Advertisement

Deadline approaches for Mississippi lawmakers to pass tax reform legislation

Published: Mar. 25, 2022 at 5:25 PM CDT
Email This Link
Share on Pinterest
Share on LinkedIn

NORTH MISSISSIPPI (WMC) - With only 10 days left in the 2022 Mississippi General Assembly, Senate and House lawmakers have still yet to push a unified tax reform proposal before the desk of Governor Tate Reeves.

MS-02 Senator David Parker of Olive Branch says he still has hope something will get done.

“We really are in the last phases of trying to get an agreement,” Parker said.

Parker is one of three conferees, or a legislator that will meet in a small conference, selected by Lieutenant Governor Delbert Hosemann to meet with three conferees on the House side.

From there, the group will be able to discuss the issue and, if a compromise is made, sign a conference report that will go back before both bodies.

Should both the House and Senate vote in support of the report, it will then go to the desk of Governor Tate Reeves.

All this was announced shortly before Governor Reeves introduced his own suggestions on how to reform taxes in the state.

“It’s cutting close to the deadline,” Parker said. “We’re supposed to be signing in a little more than a week or so. We’re trying to get these last things finalized in a manner so we can get home to our families.”

The provisions in the latest Senate proposal include reducing the state grocery tax from 7% to 5%, providing a tax rebate to Mississippi filers, and phasing out the state’s 4% tax bracket, or the income tax on taxable income in excess of $5,000 up to and including $10,000.

“We’d gradually reduce the 5% tax rate by .1% over a period of 4 years,” Parker said. “After eight years, we would no longer have the 4% bracket, and we would have a 4.6% bracket, only.”

In total, the Senate’s proposal would amount to $439 million, according to Parker.

It’s a way, he says, the state can ensure relief for tax payers and run government efficiently.

Meanwhile, the House wishes to eliminate the state income tax over the course of several years, while raising the sales tax by 1.5%, totaling 8.5%.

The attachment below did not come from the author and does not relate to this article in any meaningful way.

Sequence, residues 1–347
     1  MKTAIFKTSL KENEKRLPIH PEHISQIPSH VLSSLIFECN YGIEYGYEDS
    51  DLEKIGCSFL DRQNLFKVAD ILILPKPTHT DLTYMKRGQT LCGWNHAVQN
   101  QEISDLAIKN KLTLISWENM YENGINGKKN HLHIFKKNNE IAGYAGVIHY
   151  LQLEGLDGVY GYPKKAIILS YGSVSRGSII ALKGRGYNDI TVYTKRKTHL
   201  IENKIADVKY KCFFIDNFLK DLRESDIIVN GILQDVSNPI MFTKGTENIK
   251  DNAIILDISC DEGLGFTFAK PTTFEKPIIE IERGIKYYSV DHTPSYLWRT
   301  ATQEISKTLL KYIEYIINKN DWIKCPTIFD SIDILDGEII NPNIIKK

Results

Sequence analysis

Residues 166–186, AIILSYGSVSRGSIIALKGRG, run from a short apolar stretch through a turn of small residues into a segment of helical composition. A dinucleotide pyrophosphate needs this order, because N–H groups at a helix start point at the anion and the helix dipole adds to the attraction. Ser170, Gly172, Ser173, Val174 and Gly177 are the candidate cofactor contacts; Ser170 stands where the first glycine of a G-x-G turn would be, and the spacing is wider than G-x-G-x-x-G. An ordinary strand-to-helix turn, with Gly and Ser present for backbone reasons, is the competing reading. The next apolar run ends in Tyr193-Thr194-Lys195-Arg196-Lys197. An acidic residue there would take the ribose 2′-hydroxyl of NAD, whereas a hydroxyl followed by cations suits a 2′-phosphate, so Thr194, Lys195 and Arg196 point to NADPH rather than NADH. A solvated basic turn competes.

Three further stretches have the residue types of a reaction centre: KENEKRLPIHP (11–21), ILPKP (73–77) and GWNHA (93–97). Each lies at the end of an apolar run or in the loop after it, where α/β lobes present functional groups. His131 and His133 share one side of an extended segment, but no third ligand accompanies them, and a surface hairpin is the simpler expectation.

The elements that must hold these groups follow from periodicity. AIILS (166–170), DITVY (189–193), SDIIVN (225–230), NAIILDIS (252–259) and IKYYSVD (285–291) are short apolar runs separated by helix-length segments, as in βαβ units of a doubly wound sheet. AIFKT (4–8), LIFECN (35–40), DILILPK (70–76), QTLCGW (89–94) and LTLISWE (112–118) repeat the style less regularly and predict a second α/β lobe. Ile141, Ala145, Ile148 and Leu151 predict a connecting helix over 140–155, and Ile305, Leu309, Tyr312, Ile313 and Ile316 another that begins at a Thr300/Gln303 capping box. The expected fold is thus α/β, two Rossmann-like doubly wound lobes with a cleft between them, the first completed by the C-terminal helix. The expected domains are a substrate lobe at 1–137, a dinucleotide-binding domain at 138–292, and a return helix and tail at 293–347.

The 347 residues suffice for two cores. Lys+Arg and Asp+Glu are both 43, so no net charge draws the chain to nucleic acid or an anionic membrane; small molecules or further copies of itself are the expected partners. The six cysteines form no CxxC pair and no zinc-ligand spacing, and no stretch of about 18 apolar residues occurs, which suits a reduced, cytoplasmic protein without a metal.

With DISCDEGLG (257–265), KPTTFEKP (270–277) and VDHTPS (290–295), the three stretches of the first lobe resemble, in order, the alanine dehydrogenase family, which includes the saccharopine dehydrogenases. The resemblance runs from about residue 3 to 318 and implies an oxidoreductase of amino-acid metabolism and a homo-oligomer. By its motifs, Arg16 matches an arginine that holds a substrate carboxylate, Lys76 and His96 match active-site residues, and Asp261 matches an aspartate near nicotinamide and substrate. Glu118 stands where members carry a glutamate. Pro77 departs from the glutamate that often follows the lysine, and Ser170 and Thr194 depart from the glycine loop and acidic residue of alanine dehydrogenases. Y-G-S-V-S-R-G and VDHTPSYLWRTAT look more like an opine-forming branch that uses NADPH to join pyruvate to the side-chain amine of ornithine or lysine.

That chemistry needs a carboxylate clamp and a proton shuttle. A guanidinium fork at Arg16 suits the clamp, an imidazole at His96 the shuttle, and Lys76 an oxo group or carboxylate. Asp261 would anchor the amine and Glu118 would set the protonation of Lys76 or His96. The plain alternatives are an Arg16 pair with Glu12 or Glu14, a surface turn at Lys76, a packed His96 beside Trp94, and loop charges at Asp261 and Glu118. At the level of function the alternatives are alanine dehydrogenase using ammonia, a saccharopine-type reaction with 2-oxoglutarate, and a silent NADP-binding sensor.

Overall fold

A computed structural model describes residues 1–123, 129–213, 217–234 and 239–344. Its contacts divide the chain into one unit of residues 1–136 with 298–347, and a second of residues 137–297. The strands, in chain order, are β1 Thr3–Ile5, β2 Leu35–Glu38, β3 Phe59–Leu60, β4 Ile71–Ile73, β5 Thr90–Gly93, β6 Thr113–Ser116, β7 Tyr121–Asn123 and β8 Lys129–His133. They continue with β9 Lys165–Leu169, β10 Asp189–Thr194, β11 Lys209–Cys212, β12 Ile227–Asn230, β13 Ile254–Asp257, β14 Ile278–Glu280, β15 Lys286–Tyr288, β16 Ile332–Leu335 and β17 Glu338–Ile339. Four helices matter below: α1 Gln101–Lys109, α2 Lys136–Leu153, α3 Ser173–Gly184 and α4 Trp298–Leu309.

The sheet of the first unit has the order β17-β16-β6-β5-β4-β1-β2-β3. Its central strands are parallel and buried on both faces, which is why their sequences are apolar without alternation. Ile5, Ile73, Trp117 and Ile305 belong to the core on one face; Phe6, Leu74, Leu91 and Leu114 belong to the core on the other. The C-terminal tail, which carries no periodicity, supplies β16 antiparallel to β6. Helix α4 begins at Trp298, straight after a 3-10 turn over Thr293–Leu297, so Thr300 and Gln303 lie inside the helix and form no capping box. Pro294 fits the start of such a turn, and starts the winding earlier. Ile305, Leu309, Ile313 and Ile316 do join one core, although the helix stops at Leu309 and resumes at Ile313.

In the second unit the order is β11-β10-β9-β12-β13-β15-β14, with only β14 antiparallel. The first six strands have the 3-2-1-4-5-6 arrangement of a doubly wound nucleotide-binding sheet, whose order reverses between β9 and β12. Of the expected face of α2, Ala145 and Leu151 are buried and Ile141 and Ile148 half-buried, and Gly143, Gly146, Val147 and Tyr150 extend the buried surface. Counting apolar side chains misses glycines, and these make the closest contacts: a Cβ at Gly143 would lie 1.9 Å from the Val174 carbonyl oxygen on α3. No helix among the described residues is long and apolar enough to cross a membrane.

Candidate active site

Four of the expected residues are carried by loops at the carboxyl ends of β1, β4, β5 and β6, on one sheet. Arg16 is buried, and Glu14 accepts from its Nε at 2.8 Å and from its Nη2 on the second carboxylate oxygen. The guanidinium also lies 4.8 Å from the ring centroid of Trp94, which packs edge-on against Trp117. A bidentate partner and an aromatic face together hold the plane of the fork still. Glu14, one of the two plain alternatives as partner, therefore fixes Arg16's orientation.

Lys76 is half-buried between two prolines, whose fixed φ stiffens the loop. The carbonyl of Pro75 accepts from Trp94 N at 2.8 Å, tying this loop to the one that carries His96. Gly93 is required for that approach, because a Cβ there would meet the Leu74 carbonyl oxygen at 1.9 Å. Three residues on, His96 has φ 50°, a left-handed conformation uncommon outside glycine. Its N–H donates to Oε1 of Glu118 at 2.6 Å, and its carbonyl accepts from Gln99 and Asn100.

Parker doesn’t see this as a tax deduction but a tax swap.

“We’d love to have (income tax elimination) happen, but I just want to be convinced that we can do it in a responsible nature,” Parker said.

The three House conferees are representatives Trey Lamar (MS-08), Jody Steverson (MS-04) and Steve Massengill (MS-14), all in North Mississippi, did not return our request for comment on Friday.

Lamar, the House’s Ways and Means Chair, did tweet earlier this week on the state’s surplus in funds.

The state’s Joint Legislative Budget Office met Friday with revised estimates on how much revenue will come into the state this year.

Parker said the findings were more than what was expected, $500 million more, but again he wants to make sure the needs of Mississippians, from a public service standpoint, are met before a “complete overhaul of the tax system.”

“I think the conversations have gotten measurably better, and there is clear effort to find that common ground that I think achieves a good purpose for the people of Mississippi,” said Empower Mississippi President Russ Latino.

From the outside looking in, Latino is “cautiously hopeful” substantial tax reform is in the near future for Mississippi tax payers.

“The governor has made it clear that this is a priority and that he’s willing to use the tools that are at his disposal,” Latino said.

One of those tools at Gov. Reeves’ disposal is the power to call a special session, but Latino doesn’t think it’s his preference to use that.

The hope is to reach that common ground, sign a conference report, and bring it to the governor’s desk before the end of the general assembly, helping save Mississippians hundreds - at the very least - of hard-earned dollars from tax reform.

Copyright 2022 WMC. All rights reserved.

Click here to sign up for our newsletter!

Click here to report a spelling or grammar error. Please include the headline.